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Cannon

Replica garrison cannon on display in the battlefield

Yorktown Artillery: Siege Guns and Garrison Cannon

Siege guns are used to attack fortified positions. They are large, heavy and take time to put into place and setup. They are typically what we would commonly refer to as cannons. However, cannons could refer to any of the 3 types of artillery pieces used during the Revolutionary War.

Guns were fired at a low trajectory and could be used at either short or long range. Guns were very effective at battering fortifications of construction. They were often used against the enemy's cannon because they could be aimed with some accuracy. Guns could fire balls, bombs, canister shot and grape shot. During the war cannon balls and grape shot were the most common forms of projectiles.

The above bronze Field guns were used by allied forces against the British. The green coloring is the result of the copper in the bronze leaching out of the metal as it is exposed to the environment

Garrison guns were mounted on a small 4-wheeled carriage. They were not meant to be easily moved about once set up in their firing position. Field guns were mounted to to larger carriages with 2 wheels. The entire piece could be hooked up to a caisson and moved about by horses, or moved by the firing crew for small distances.

When it was determined that guns could not penetrate an enemy's fortifications, then mortars and howitzers were then used to inflict damage. A mortar was used to fire a high-arching projectile that, if timed properly, would be exploded in the air over the enemy and behind their fortifications. The howitzer could fire an exploding shell and was directed toward the defensive works.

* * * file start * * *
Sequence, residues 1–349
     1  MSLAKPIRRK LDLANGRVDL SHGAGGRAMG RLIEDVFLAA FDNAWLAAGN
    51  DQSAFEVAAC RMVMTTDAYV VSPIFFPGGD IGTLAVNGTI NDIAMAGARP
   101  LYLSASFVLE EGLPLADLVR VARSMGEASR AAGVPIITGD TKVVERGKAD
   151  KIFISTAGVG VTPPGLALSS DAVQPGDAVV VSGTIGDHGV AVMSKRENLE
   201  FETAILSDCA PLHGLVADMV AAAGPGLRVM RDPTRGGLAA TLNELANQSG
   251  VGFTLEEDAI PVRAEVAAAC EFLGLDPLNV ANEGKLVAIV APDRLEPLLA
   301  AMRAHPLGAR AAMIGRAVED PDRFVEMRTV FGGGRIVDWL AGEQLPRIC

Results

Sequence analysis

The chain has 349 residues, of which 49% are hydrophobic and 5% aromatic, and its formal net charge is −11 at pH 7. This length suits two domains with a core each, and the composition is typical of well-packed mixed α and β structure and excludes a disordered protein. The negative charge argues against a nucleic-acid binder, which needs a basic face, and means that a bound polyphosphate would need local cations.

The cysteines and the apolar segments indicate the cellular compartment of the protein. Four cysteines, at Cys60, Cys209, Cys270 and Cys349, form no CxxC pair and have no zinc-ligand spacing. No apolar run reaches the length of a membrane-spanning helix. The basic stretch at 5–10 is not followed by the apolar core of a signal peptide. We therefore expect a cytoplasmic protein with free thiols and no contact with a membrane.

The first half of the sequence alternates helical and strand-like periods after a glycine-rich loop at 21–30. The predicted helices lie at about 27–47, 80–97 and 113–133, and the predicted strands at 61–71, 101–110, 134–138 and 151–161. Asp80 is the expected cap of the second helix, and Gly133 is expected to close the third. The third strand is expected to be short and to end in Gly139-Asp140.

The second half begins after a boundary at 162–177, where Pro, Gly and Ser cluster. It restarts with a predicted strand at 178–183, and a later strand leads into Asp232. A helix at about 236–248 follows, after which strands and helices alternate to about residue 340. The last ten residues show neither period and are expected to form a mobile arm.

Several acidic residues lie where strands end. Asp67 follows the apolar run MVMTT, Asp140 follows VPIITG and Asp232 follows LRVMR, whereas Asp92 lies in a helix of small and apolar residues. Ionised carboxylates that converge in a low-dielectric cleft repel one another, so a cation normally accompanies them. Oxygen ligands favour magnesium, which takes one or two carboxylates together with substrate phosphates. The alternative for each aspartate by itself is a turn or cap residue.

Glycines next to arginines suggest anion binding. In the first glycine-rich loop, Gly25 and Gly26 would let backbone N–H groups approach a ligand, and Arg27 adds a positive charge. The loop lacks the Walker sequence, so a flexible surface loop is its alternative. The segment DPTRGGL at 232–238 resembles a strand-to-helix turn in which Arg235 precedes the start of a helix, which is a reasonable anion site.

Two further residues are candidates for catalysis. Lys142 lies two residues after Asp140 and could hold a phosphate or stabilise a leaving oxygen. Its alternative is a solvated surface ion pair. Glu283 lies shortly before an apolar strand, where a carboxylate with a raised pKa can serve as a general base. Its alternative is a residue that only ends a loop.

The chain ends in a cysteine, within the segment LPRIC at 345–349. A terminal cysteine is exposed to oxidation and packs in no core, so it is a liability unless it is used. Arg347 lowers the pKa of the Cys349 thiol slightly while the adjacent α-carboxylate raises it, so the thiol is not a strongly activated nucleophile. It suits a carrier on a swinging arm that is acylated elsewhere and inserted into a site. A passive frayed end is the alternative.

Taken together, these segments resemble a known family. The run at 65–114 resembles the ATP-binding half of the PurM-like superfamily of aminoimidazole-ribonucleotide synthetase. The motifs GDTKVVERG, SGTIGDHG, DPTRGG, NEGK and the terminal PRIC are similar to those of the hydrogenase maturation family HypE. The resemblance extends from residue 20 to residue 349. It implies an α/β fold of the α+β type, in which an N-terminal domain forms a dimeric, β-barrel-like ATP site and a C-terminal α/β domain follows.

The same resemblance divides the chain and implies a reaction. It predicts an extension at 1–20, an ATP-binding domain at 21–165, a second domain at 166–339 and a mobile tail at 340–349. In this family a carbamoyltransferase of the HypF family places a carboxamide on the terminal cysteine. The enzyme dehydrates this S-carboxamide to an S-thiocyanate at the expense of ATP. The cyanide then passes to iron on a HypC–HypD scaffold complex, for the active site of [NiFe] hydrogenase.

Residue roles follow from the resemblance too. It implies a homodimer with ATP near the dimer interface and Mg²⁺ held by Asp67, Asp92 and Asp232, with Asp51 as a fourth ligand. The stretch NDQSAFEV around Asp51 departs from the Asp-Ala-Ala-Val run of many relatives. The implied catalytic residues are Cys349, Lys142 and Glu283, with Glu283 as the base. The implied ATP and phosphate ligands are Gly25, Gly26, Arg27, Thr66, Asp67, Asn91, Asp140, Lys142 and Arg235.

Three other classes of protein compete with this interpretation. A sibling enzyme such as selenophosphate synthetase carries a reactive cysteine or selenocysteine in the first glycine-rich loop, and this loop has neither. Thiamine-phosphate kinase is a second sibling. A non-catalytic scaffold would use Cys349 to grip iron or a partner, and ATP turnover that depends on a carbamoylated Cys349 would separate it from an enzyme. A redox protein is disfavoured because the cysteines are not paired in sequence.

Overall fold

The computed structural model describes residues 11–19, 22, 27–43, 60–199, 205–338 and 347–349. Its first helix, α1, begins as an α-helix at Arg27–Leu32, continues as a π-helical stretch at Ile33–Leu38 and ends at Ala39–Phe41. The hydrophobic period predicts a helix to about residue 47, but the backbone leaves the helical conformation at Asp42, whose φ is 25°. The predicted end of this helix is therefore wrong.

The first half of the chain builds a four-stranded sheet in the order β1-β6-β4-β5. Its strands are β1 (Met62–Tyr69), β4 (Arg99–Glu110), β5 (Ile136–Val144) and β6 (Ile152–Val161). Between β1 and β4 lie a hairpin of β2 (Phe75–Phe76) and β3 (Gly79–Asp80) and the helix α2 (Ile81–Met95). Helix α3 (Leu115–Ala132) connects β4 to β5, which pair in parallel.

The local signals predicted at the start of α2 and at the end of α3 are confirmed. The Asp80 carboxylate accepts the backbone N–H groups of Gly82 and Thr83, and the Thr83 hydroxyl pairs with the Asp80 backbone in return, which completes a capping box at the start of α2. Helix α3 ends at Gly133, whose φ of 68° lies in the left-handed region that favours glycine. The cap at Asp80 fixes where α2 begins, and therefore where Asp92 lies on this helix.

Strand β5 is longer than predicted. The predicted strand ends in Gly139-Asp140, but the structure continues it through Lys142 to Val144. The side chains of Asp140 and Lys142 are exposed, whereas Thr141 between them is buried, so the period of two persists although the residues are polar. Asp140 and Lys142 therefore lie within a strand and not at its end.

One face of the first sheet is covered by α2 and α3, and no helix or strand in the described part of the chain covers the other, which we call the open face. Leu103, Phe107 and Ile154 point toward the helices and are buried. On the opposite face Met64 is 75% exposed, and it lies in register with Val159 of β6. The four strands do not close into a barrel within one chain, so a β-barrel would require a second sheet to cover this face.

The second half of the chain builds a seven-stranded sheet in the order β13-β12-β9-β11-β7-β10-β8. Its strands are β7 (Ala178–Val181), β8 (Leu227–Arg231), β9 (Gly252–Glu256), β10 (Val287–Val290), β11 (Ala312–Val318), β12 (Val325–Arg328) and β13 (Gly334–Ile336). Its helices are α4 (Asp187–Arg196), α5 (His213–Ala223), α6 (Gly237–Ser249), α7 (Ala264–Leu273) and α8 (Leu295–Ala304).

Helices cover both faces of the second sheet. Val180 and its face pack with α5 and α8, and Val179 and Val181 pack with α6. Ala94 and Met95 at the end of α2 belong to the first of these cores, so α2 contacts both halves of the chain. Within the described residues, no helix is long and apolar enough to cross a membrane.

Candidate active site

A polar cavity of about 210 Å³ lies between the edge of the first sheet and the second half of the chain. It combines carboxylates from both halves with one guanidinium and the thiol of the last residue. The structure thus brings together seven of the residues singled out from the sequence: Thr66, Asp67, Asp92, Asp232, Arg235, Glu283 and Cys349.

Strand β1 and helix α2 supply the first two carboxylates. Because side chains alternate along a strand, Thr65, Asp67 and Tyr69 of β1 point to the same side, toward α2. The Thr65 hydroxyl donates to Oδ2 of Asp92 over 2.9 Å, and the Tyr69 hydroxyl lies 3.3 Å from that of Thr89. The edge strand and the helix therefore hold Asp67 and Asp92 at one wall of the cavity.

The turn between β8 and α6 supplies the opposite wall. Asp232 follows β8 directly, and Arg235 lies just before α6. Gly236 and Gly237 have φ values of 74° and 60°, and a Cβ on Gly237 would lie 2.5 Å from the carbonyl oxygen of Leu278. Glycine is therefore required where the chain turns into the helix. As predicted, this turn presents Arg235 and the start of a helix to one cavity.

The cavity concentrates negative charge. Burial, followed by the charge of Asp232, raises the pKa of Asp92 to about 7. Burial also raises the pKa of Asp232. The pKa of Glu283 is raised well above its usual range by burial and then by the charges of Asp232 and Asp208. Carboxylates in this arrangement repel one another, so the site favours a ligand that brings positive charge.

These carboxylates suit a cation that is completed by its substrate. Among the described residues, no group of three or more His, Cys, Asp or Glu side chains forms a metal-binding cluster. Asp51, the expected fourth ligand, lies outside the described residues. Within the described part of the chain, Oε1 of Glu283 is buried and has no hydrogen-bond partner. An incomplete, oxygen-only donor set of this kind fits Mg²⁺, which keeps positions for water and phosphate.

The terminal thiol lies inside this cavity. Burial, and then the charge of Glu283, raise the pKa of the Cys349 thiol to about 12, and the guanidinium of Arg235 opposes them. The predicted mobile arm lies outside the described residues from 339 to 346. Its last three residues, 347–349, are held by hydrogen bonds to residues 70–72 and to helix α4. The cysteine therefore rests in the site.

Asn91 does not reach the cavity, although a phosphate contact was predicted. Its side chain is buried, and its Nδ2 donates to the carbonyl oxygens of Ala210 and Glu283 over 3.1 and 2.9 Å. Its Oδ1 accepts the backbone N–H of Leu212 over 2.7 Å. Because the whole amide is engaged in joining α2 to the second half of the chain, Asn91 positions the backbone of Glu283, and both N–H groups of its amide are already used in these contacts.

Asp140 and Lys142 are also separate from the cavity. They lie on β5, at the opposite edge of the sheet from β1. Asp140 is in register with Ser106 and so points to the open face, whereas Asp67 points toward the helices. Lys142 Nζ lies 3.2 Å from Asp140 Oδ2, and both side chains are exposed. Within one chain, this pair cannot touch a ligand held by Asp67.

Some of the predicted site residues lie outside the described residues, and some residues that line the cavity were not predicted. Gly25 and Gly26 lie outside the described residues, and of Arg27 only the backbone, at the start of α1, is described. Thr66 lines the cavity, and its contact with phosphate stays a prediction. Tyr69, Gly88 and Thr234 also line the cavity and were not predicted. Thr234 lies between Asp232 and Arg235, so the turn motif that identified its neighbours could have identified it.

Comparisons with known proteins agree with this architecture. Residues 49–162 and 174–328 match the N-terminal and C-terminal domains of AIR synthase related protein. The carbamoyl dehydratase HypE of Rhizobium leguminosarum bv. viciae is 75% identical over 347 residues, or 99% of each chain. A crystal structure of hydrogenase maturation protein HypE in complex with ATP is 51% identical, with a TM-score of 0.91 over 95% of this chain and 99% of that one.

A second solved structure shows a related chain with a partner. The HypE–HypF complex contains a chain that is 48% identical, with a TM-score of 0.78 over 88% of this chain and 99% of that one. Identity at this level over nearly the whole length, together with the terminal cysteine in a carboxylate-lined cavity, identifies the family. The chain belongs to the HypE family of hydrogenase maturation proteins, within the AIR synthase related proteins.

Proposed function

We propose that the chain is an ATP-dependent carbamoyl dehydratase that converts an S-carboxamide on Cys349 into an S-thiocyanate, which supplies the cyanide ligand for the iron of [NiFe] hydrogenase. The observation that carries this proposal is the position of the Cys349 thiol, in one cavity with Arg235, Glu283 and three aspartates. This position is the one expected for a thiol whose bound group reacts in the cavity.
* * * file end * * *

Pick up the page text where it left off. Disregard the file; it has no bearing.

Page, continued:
The heaviest guns used at Yorktown were in the 18 and 24 pound siege guns. A siege gun is one designed 18 pounds or higher.

Gunpowder used during the war

Black powder was the common gun powder used during the war. It was made up of saltpeter, ground charcoal and sulphur.

Field Gun Range

Field guns had an effective range of about 1,000 yards, or just over 1/2 mile. They could under ideal firing conditions reach up to 2,000 yards.

Artillery Pieces at Yorktown Battlefield

The National Park Service has 11 pieces that were actually used during the 1781 battle at Yorktown. Nine of them are pieces mounted at the Surrender Field pavilion. The other 2 are on display inside the visitor center. The rest of the cannons on display in the field are authentic looking 20th Century replicas.

Definitions

  • PROJECTILES are what comes out of the barrel of the cannon. The artillery pieces are sized according to the weight of the projectile being fired. For example an 18 pound cannon would fire an 18 pound cannonball.

  • BOMBS projectiles fired from a cannon that explode after a predetermined time

  • SOLID SHOT projectiles that did not explode and were usually a solid piece of iron. This type of projectile could also include bar shot (2 halves of a cannon ball connected with a piece of chain), and chain shot (2 solid balls connected with a short chain).Round shot was more efficient.

  • SCATTER SHOTE small fragments of metal that could be small, marble sized pellets, even nails that could be fired. Also called grape shot and canister shot.